Ever since I read this quote for the first time many years ago, it stuck with me. When I'm feeling weighed down by madness, unexpected change, negativity - this quote never fails to pop into my head, reminding me to look for the good around me.
I want to share an experience and a thought I encountered this week. One is about meeting a helper. One is about being a helper.
First, my experience meeting a helper in the most unexpected of places: Village Inn. Joel and I were both looking to do something to lift our spirits after a week of being bombarded with negative and unsettling change in both our personal and professional lives. We decided to visit Festival of Trees at Gallagher Bluedorn Performing Arts Center. We go every year and it always puts us in a warm and giving mood. As usual, we had a great time taking in the Christmas trees, music, and spirit.
We wanted to top off the night by eating at one of our favorite restaurants, Village Inn. Ironically, they gave us a $5 off coupon to Village Inn at Festival of Trees - so going there was written in the stars. And I'm so glad for that. When we arrived at the restaurant they were bursting at the seams. So crowded, a bustle of activity. We were seated and greeted by the person I'll start to gush about: Charlie. Charlie became the helper in our story, and someone we'll remember for a long time.
In looking at Mr. Rogers' face and remembering Charlie's, they had a lot in common. The main features being eyes and a smile that beam with genuine kindness. His service was lovely, but the way he delivered the words he spoke to us and those around us was truly one-of-a-kind. There was no falsity about him. He sincerely liked what he was doing and interacting with his customers. What brought us the greatest joy was watching him with the children that were on either side of our booth. I wish I could have taken a photo if it wouldn't have been completely creepy. Imagine a grandparent seeing their grandchild. That's what it was like. And he was greeting complete strangers.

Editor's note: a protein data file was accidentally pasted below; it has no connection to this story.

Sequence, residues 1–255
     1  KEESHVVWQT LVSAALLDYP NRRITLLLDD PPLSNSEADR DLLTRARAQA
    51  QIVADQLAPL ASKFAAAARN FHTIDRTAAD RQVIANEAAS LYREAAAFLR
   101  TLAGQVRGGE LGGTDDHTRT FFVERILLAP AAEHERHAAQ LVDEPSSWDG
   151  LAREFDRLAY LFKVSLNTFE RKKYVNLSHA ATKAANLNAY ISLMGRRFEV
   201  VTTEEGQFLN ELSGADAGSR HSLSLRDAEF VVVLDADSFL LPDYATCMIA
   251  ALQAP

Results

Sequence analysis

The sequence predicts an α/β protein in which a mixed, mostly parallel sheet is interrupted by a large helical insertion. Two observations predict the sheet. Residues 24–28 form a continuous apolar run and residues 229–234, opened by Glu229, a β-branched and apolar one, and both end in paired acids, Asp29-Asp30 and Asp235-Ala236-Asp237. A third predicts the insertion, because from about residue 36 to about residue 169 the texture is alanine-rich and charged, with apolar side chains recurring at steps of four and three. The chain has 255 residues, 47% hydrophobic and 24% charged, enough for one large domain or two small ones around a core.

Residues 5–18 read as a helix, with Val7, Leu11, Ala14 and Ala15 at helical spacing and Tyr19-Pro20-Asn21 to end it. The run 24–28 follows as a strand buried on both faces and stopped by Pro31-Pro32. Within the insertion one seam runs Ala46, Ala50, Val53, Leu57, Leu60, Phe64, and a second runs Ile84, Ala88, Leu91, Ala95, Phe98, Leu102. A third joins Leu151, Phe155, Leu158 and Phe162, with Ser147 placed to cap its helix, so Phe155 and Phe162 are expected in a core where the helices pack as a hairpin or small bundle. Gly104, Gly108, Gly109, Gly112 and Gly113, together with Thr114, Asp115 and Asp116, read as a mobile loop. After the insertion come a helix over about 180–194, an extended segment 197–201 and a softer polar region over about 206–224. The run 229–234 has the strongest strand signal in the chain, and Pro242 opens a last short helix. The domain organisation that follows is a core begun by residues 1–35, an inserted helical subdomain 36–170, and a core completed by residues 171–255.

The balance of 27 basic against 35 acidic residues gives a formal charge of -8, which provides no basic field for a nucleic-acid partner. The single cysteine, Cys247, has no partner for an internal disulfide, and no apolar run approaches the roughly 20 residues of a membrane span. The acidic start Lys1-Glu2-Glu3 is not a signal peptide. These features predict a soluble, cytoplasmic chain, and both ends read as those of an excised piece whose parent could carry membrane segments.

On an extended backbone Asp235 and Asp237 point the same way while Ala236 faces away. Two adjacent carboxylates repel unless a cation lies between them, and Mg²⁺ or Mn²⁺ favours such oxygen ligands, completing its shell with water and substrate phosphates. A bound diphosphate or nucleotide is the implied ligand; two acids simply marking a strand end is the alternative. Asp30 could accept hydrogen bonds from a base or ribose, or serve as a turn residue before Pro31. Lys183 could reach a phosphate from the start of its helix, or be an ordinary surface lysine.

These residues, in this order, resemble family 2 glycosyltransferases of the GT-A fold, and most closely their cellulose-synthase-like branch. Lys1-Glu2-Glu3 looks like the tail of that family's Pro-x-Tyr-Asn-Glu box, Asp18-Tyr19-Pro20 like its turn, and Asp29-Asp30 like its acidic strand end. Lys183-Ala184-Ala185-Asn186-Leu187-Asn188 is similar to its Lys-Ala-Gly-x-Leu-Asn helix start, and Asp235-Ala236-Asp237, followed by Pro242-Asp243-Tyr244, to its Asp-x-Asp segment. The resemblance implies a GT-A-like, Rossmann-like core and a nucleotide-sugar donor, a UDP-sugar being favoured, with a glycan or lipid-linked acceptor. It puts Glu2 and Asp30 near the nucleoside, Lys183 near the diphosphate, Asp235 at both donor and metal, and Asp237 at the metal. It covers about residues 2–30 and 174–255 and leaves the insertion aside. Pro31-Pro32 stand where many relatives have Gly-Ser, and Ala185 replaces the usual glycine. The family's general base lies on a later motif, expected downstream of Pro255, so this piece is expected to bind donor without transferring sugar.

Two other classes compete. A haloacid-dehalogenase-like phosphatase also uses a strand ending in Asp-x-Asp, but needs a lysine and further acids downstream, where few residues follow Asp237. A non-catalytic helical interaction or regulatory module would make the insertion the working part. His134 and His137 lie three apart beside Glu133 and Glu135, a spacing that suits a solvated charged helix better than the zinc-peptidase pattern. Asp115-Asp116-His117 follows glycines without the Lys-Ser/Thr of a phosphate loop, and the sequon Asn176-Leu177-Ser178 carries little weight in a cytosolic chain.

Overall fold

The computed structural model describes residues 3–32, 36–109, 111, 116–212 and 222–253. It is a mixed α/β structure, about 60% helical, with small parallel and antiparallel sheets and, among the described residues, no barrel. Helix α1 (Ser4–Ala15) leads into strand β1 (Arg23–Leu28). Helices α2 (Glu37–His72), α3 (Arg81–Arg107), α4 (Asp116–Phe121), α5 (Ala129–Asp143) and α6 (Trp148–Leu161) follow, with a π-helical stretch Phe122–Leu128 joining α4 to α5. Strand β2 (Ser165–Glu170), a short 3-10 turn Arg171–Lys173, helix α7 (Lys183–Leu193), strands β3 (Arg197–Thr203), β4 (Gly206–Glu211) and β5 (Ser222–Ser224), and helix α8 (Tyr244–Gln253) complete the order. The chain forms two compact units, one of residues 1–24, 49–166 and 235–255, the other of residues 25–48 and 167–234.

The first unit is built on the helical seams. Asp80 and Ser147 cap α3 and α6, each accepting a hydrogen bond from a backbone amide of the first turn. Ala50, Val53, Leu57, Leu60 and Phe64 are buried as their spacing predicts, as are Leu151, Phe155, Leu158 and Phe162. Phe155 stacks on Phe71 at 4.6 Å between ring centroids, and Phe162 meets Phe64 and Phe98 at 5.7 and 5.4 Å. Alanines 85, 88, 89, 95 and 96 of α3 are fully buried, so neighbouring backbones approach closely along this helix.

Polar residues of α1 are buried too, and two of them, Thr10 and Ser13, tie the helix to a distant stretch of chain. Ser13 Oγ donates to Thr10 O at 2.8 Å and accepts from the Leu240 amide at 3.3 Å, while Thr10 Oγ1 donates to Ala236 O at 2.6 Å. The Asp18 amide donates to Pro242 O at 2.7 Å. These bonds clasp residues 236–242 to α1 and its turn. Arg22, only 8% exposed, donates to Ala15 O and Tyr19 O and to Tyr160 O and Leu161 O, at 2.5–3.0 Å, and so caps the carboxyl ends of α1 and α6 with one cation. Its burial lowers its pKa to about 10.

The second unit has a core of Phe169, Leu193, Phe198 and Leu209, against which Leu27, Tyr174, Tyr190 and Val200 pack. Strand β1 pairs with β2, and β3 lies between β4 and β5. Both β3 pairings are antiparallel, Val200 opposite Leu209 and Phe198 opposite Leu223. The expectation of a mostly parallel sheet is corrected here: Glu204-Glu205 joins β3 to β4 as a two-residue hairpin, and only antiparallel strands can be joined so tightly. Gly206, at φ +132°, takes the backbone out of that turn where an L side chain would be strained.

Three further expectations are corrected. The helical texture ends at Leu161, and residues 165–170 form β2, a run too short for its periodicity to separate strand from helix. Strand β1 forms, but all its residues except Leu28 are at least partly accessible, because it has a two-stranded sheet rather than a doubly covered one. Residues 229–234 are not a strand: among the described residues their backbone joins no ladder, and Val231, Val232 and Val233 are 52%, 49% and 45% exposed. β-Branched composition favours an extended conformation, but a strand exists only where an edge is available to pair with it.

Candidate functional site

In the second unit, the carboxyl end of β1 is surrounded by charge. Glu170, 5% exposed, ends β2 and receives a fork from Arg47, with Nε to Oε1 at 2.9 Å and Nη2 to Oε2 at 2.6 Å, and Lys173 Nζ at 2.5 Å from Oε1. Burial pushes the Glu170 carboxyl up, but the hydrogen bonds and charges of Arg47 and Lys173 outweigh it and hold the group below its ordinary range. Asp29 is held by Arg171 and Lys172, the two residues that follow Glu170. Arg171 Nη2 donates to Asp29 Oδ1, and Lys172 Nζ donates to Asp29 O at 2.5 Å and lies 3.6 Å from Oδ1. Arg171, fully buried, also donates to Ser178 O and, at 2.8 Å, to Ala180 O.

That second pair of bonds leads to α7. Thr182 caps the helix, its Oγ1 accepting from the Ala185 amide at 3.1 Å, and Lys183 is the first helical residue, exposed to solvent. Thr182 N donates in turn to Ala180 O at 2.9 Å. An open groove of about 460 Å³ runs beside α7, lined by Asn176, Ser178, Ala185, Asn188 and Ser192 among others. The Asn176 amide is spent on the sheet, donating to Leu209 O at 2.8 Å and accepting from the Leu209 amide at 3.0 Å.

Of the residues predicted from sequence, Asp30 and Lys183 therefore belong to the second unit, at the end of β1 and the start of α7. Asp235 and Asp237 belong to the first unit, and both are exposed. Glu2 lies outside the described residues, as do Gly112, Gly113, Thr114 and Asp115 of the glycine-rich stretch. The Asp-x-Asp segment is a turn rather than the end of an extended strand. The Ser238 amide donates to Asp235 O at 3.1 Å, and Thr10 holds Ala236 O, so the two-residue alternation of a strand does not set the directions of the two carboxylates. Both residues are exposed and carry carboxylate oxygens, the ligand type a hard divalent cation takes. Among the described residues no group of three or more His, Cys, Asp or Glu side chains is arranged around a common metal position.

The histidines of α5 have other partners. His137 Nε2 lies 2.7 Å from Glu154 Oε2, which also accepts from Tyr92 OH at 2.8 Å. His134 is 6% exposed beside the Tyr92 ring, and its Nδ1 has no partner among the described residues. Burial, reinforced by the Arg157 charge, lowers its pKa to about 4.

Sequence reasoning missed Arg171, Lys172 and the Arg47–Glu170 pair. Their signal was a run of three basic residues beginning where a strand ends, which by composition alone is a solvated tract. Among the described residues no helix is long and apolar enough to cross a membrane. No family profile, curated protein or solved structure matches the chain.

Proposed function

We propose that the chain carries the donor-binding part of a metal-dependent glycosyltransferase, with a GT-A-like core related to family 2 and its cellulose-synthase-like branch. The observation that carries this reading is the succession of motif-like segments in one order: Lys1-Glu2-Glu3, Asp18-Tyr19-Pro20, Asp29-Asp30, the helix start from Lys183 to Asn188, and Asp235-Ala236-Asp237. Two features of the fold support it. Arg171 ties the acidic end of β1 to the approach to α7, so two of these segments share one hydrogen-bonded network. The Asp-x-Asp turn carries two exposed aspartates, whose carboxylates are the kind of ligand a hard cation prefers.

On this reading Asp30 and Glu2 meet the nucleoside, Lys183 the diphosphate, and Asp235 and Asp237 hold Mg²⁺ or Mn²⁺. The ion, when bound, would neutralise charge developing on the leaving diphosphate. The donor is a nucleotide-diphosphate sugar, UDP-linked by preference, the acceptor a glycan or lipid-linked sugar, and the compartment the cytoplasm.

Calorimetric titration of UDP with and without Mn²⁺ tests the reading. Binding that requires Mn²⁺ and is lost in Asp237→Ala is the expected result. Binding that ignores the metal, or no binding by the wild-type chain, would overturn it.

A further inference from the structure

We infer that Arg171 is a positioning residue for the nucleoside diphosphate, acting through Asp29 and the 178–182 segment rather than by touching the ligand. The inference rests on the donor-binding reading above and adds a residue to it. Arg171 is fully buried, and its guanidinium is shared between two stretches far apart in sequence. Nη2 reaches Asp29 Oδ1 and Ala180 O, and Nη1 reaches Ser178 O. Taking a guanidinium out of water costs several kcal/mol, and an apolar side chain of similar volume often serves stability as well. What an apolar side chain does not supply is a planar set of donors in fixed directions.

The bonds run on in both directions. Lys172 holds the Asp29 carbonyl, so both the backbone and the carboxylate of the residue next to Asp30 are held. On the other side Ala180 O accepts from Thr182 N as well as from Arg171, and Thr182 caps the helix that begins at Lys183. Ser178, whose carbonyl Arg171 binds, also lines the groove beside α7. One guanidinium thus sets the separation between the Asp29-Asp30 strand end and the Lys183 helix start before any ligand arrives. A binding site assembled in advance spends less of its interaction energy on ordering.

At the end of our (wonderful) experience we decided that we wanted to let Charlie know how much his kindness was appreciated. We spoke with his manager and left him a very generous tip. The thing about helpers is that they are often overlooked. We wanted Charlie to know that we saw him. That his positivity and genuine goodness restored some of the feelings of hope we'd lost. Thank the good Lord for helpers like Charlie.
Now on to my second topic, a thought about being a helper. We've all seen in the news that there has been an increasing number of harassment claims from a wide range of people throughout the country. People are receiving rude notes, yells from the street, online comments, you name it. People are making other people feel like they don't matter. Like they're not worthy to be themselves and/or live in this country. When the fact is, we're all so much more alike than we are different.
I plan to be a helper by reaching out to the people I see in the news or online that are receiving negative or threatening messages. And I hope you'll join me in this. The internet gives us access to more personal information than I'm comfortable with, but in times like this, I hope it comes in handy. I've already looked up the names and addresses of a couple of different people who were recently harassed and plan to send them a note of support. And if I see something online, I'm going to post my support over and over again. Let's show that the support for the people being attacked is greater than the perceived hate towards them.
Let's vow to recognize the helpers we encounter. And at the same time, let's be helpers ourselves in any way, shape, or form we can be, at this time, and always.